A group of citizens, including drug war prisoners and their loved ones, who oppose America’s war on drugs through public education campaigns. 
795 South Cedar, Colville, 
WA 99114, tel: 509/684-1550 
e-mail: moreinfo@november.org 
web: www.november.org 
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Common Sense for Drug Policy
Uses media to facilitate coalition building and public education. Provides pro bono legal assistance to those affected by the drug war. Works to make marijuana medically available and to increase funding for needle-exchange programs. 
3220 N St., NW, #141
Washington, DC 20007 
tel: 703/354-5694 
e-mail: infor@csdp.org  
web: www.csdp.org 
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The Drug Reform Coordination Network
Works for drug policy reform, 
including harm reduction, reform of sentencing and forfeiture laws, and promotion of an open debate on drug prohibition. 
2000 P St. NW # 210
Washington, DC 20036
tel: 202/293-8340 
e-mail: drcnet@drcnet.org  
web: www.drcnet.org 
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Media Awareness Project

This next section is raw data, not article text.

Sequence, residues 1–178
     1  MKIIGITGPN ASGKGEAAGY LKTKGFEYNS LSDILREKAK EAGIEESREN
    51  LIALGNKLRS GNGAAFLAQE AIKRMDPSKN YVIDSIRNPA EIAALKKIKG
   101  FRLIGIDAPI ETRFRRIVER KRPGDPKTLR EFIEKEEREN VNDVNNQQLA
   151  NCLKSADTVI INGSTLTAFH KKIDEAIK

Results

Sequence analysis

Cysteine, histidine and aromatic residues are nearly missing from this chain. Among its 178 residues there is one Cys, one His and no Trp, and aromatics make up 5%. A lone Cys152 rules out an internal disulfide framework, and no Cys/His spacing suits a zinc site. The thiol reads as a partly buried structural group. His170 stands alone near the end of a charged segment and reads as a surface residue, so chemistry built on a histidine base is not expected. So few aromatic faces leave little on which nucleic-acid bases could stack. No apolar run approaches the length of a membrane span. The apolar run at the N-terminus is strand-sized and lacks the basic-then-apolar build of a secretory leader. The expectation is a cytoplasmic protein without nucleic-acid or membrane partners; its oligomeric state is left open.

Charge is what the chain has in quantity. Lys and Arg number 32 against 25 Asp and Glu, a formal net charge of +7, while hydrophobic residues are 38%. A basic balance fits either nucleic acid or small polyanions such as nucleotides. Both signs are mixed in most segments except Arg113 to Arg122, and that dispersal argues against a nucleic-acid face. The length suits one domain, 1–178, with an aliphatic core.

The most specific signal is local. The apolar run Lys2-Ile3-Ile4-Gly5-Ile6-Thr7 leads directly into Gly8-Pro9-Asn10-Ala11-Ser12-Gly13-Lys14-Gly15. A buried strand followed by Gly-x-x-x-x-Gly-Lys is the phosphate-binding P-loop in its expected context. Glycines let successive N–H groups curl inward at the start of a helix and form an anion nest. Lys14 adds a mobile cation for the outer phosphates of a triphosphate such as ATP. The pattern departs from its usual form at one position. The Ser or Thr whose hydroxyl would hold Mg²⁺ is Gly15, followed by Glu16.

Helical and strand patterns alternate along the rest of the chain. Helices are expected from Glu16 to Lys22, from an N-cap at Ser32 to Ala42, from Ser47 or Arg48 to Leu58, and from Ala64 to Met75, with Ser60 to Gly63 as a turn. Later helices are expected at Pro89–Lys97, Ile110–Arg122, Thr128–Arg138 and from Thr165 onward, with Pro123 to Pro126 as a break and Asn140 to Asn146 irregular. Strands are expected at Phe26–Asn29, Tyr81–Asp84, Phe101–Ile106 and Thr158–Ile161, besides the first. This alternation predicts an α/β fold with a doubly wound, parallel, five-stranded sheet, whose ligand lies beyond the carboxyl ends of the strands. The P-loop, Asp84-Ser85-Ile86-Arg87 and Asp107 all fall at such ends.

An international network working for drug policy reform through 
media awareness. 
PO Box 651, Porterville, CA 93258, tel: 800/266-5759
e-mail: mgreer@mapinc.org 
web: www.mapinc.org
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NORML
Advocates legalizing marijuana.
1001 Connecticut Ave. NW, Suite 710, Washington, DC, 20036 
tel: 202/483-5500 
e-mail: norml@norml.org  
web: www.norml.org 
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East Mennonite University — Conflict Transformation Program
Supports the development of peacebuilders through a master’s 
degree program, a summer Peacebuilding Institute, and daily practice. Courses in restorative 
justice are taught by practitioners such as Howard Zehr (see page 17). 
1200 Park Road, Harrisonburg, VA 22802-2462, tel: 540/432-4490, e-mail: CTProgram@emu.edu 
web: www.emu.edu/ctp/ctp.htm 
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Alternatives to Violence Project 
A worldwide association offering workshops in conflict resolution, responses to violence, and personal growth. The program includes workshops for community groups, businesses, social service agencies, youth organizations, prisoners, and others.
821 Euclid Ave., Syracuse, NY 13210, tel: 713/747-9999